What it Costs the North.
A Northern paper makes the following curious calculation as to the cost of the war thus far. By the time the Yankees
shall have finished their precious scheme of subjugation, they will incline to the opinion that the "game was hardly worth the candle:"
|1. Mr. Lincoln estimates the money expended up to June next at about||$1,200,000,000|
To this must be added 25 per cent., or||300,000,000|
The productive labor of say 600,000 men for an average of two years, at say only $200 per year, is||120,000,000|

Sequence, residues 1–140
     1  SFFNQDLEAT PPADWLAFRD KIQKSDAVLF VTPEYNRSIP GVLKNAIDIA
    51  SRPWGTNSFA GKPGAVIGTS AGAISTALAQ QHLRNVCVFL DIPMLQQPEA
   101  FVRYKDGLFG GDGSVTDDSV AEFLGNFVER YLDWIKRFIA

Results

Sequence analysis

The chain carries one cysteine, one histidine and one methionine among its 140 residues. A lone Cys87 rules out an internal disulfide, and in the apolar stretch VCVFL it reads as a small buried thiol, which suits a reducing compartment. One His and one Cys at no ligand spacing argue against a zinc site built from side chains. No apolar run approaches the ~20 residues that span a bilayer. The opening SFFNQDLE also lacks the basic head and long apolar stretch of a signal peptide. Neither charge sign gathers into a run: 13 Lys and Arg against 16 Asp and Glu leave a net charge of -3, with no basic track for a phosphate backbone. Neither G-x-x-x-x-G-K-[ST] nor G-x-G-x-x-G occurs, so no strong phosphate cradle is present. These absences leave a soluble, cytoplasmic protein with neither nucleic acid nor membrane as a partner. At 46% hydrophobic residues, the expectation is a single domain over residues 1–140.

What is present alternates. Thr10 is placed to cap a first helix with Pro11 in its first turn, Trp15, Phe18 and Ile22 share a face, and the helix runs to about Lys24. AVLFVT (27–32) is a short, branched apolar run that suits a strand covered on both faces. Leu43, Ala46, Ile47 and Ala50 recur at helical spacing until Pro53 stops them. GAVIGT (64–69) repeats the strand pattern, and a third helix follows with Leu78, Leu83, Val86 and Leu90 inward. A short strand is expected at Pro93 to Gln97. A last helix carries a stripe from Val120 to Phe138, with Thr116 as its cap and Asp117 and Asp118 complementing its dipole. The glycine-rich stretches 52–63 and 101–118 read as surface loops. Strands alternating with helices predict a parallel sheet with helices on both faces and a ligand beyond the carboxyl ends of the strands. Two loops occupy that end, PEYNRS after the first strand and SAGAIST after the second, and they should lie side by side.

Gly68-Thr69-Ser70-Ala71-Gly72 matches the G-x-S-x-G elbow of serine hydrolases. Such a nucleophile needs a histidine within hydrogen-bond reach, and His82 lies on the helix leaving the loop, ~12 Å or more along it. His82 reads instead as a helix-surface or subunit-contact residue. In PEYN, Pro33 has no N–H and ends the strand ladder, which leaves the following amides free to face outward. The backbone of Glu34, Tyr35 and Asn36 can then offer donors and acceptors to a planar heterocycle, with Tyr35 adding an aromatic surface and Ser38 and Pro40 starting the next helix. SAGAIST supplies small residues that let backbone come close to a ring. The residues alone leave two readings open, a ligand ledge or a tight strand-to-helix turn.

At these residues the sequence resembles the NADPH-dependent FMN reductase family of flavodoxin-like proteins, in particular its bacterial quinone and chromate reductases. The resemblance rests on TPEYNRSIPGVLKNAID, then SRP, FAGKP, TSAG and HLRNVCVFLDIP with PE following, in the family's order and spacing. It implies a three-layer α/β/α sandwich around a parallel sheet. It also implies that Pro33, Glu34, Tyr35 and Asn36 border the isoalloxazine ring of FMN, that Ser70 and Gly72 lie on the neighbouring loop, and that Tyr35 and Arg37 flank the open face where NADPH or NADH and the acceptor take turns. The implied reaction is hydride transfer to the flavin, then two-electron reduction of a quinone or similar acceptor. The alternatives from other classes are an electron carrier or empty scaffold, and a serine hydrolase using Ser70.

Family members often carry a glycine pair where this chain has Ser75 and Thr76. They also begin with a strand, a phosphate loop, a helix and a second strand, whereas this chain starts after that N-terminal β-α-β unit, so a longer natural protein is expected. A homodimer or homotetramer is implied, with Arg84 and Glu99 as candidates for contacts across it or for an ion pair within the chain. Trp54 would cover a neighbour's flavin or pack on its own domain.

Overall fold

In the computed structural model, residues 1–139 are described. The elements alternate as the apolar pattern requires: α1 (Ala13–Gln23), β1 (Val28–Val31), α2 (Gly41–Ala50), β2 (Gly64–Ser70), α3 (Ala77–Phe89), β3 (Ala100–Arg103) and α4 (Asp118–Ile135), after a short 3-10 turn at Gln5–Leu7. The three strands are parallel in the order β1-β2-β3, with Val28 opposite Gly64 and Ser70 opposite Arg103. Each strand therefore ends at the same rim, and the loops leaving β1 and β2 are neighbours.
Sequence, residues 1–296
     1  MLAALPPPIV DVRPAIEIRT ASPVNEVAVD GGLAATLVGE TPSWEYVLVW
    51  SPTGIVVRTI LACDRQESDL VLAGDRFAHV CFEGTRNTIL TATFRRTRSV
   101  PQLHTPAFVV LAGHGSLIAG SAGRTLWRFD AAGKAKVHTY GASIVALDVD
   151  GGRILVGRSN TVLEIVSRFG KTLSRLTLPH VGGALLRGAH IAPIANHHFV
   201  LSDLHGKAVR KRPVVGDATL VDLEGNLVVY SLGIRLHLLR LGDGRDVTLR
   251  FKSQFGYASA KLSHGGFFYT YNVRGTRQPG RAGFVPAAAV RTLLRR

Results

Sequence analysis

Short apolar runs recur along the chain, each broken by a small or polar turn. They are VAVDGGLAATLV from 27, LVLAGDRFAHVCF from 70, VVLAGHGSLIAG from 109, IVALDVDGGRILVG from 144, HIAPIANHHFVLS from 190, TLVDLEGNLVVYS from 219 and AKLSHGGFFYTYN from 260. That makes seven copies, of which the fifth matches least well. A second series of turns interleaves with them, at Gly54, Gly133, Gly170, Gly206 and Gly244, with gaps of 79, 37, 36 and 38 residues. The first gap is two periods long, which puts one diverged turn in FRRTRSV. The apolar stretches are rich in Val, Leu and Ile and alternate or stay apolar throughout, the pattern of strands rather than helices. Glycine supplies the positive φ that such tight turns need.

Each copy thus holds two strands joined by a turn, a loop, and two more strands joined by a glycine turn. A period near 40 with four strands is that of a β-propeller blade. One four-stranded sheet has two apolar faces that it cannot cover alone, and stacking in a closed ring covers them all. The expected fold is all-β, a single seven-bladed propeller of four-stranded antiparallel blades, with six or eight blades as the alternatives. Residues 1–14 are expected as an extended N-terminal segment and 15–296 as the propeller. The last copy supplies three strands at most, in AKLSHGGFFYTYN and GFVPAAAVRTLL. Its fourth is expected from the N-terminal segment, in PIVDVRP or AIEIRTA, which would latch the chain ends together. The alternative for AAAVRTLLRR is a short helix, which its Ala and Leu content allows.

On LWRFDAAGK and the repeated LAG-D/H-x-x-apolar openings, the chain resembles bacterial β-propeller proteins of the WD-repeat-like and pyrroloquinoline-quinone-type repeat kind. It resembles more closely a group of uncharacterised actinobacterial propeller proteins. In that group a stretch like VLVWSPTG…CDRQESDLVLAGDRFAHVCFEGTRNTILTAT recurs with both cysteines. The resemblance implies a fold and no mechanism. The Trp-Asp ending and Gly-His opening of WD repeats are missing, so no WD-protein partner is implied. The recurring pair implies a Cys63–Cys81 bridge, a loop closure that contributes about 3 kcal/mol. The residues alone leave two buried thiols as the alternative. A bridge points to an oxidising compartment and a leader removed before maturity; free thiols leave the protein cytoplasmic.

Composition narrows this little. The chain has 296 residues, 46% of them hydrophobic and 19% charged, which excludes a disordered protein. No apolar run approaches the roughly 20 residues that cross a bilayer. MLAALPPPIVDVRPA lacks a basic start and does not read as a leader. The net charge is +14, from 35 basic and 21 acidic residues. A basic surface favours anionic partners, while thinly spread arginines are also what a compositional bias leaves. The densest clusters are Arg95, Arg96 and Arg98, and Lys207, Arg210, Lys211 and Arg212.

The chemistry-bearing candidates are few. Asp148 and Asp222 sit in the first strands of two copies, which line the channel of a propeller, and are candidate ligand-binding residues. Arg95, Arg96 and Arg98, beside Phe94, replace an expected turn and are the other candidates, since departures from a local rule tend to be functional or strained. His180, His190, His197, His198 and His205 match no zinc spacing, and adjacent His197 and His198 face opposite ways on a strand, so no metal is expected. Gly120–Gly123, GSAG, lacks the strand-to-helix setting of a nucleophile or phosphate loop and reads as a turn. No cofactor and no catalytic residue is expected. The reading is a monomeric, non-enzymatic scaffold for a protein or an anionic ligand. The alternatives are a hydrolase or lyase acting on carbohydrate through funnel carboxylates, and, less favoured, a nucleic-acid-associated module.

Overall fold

Permanent loss to the production of the country in dead and disabled men, say 300,000, at an average of life, say ten years, at $200 a year||600,000,000|
Pensions, say 150,000, at an average of ten years, say $100 per year||150,000,000|
Personal failures and losses in consequence of the war||200,000,000|
Damage to public property, plantations, personal estates, damage to business, and the reduced productions of the industrial pursuits for ten years at $100,000,000 a year||1,000,000,000|
Add to this for the Southern portion of the expenses of the war, all of which has been paid by the people||1,500,000,000|
There is not one item in this fearful amount that can properly be stricken out.